China has started constructing a $330-million underground neutrino detector this week which, upon completion, will have similar goals as the Indian Neutrino Observatory (INO) coming up in Theni, Tamil Nadu. Situated at a site 150 km west of Hong Kong, the Jiangmen Underground Neutrino Observatory (JUNO) is being built underground by the Institute of High Energy Physics (IHEP), Beijing.
It will supplement the Daya Bay Reactor Neutrino Experiment, a China-based multinational neutrino physics centre located 52 km northeast of Hong Kong that has been operating since 2011. In fact, as Daya Bay studies neutrinos coming through space toward Earth, JUNO will study those from two nuclear reactors being constructed at locations some 50 km away.
If all goes well, the lab will open in 2020 and operate well beyond 2040. “It will be a big challenge to build such a large underground lab and a detector in five years,” Ifang Wang, Director, IHEP, told physicsworld. Neutrinos are colloquially called “ghost particles” because they travel at almost the speed of light, hardly interact with matter, and are very light. Therefore, trapping and measuring a neutrino requires extremely sensitive equipment shielded from interfering radiation.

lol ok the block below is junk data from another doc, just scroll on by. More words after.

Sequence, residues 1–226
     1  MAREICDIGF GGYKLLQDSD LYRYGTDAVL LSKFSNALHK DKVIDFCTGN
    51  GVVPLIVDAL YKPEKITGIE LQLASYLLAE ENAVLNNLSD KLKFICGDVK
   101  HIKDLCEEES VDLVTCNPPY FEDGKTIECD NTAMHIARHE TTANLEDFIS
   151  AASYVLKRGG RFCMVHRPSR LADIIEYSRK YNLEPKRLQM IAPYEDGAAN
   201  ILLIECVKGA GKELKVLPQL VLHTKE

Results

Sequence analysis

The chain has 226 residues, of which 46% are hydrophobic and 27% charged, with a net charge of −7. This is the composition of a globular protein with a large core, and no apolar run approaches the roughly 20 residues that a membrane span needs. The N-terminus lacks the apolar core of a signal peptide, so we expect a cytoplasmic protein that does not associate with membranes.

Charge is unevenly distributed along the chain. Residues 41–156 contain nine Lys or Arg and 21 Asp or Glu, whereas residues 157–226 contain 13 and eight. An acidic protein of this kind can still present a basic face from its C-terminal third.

The JUNO detector will be situated in a dome of diameter 50 m and height 80 m, about 700 m underground. Its detector comprises 20,000 tonnes of a liquid scintillator surrounded by more than 15,000 photomultiplier tubes. The liquid will produce a scintillation, or flash of light, when a neutrino strikes a hydrogen atom. The flash will be picked up by the tubes as an electric signal.
There are three kinds, or flavours, of neutrinos, designated 1, 2 and 3. Each flavour is known to spontaneously transform into the other, a process called oscillation that is characteristic of particles that have mass. However, physicists have been unable to measure their masses. What they have been able to accomplish is find their difference. Of late, interest has grown in the mass of neutrino-3 with respected to the other two, which is what INO and JUNO will study. Together, these detectors will join the already operating Hyper-Kamiokande in Japan and the NOvA in the U.S.